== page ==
"2. The rejection of ecumenism by the Moscow Patriarchate, meaning that form of contact with non-Orthodox Christians or even representatives of non-Christian religions in which are found signs of apostasy from the purity of Orthodoxy. This requirement was first put forth in the last quarter of the 20th century, and in recent years has taken the primary position of importance in considering the matter of the overcoming of divisions.

"3. The glorification by the Russian Orthodox Church of the New Martyrs and Confessors of Russia, especially of the Royal Family. This demand became heard after 1981, when the Host of New Martyrs was glorified by the Russian Orthodox Church Outside of Russia.

"Can these problems be viewed as real obstacles for the reestablishment of church unity today?

"Let us begin with the last question. The fundamental transformation of our country, seen by the Orthodox people as a gift from God sent down in response to the prayers of the New Martyrs, resulted in the Russian Orthodox Church gaining complete freedom. Immediately, the collection and study of documentary and other evidence of the martyric labors of the faithful children of the Church during the period of atheist persecutions began. The Millennial Council of Bishops of the Russian Orthodox Church of 2000 added the New Martyrs and Confessors to the great host of saints, and also canonized the Tsar and the Royal Family. It is worth noting that among the glorified New Martyrs are many who did not share the ecclesio-political course of Metropolitan, and later Patriarch, Sergius.

"The Acts of the Millennial Council on the Canonization of the Saints was viewed by the bishops of the Russian Orthodox Church Outside of Russia 'with special hope and gratitude to the Lord our God,' as can be read in the Resolution of the Council of Bishops of the Russian Orthodox Church Outside of Russia held later that year. The document also notes that one of the main reasons of the division between the Russian Church Abroad and the Moscow Patriarchate, by the mercy of God, has now been fundamentally eliminated.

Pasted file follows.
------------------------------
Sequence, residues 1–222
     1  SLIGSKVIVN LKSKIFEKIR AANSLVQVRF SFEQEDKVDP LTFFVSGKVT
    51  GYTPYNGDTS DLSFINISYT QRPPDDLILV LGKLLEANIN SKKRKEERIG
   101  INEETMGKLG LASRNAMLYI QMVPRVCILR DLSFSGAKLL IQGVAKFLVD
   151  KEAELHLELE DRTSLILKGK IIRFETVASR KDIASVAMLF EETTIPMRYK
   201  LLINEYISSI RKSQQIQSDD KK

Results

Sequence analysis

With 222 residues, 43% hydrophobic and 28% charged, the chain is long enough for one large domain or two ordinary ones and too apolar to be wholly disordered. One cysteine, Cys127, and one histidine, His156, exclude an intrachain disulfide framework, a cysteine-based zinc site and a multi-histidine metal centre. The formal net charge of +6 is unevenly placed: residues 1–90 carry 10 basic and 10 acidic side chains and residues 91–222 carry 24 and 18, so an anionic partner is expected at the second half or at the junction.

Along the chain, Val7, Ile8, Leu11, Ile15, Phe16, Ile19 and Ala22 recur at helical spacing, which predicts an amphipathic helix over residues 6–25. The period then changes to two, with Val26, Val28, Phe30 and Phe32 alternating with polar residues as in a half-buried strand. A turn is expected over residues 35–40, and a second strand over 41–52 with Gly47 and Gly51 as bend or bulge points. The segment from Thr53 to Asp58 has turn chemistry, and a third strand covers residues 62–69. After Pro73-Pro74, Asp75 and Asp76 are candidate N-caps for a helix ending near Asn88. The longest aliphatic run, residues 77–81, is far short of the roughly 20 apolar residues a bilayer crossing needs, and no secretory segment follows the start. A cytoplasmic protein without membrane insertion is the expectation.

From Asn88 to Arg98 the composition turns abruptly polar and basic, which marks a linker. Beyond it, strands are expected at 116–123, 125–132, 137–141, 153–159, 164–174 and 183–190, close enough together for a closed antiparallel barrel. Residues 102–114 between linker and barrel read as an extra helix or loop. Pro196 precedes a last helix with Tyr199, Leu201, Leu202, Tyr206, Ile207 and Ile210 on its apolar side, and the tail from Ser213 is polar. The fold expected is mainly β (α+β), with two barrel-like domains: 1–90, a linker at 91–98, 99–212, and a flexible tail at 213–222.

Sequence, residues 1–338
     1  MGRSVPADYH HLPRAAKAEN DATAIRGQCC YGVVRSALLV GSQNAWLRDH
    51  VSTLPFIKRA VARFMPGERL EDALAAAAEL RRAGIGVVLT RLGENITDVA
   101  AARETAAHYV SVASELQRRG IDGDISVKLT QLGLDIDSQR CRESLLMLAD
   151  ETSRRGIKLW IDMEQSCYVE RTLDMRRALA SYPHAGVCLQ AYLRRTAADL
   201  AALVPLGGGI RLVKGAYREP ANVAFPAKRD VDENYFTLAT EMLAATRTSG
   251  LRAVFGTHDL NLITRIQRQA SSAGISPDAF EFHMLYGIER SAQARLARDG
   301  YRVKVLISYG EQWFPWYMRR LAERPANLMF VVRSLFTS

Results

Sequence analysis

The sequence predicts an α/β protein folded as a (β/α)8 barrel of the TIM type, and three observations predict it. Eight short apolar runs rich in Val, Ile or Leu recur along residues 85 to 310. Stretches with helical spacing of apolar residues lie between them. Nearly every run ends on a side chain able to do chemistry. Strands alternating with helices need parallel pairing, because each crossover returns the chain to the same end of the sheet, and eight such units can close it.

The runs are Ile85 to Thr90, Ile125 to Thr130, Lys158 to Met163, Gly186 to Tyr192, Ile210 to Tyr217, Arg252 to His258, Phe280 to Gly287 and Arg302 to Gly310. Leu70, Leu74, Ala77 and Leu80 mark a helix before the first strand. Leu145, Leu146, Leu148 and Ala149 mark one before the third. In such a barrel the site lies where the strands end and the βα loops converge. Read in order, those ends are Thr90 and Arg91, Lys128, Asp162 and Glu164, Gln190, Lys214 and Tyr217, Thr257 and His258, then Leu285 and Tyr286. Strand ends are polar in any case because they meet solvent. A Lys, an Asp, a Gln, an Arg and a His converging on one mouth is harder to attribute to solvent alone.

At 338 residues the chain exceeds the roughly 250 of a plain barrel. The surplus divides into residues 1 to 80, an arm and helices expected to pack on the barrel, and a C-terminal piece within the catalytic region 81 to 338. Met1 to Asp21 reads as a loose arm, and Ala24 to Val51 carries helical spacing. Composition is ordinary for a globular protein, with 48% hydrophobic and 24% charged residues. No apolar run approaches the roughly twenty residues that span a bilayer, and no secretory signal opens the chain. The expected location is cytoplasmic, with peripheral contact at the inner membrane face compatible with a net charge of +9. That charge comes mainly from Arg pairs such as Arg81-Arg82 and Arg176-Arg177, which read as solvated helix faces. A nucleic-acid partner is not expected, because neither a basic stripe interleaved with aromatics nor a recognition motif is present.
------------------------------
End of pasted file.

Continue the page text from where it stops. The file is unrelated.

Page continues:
"Let us turn now to the matter of the 'Declaration' of 1927. The hierarchy of the Russian Orthodox Church has more than once attested to the fact that the 'Declaration' is viewed now as merely a historical document which has lost its validity. The Council of Bishops of the Russian Orthodox Church in 1990 stated: 'WeÉ do not at all feel boundÉ by the Declaration of 1927, which remains for us a marker of that tragic epoch in the history of our FatherlandÉ We do not at all idealize this document, recognizing also its coerced nature.' In an interview given to the newspaper Izvestia in 1991, His Holiness Patriarch Alexy said: 'The Declaration of Metropolitan Sergius, of course, cannot be considered voluntary, for, while sustaining terrible pressure, he was to state things that were far from the truth in order to save people's lives. Today we can say that there are lies mixed into his DeclarationÉ The Declaration does not place the Church into the correct relationship with the state, in fact the opposite, it destroys that distance which in a democratic society must exist between Church and state.'

"Without limiting ourselves to these statements, our Church freely and without any coercion has described the norms of church-state relations, founded upon the word of God, the witness of many centuries of Church Tradition, including, in part, the experience of the New Martyrs garnered by the Church in the era of persecution at the hands of the totalitarian godless regime. Many spoke of the historical significance of the 'Basic Social Concept of the Russian Orthodox Church' when this document was first adopted by the Millennial Council of Bishops in 2000. Later it became clear: the significance of the 'Foundations' is also in that this _expression of the Church's teachings opened new opportunities for rapprochement with the Church Abroad. 'The Church,' states the document, 'preserves loyalty to the state, but above that requirement of loyalty is the law of GodÉ If the state forces Orthodox believers to apostasize from Christ and His Church, and also towards sinful acts detrimental to the soul, the Church must refuse obedience to the state,' says the third chapter of the 'Basic Social Concept.'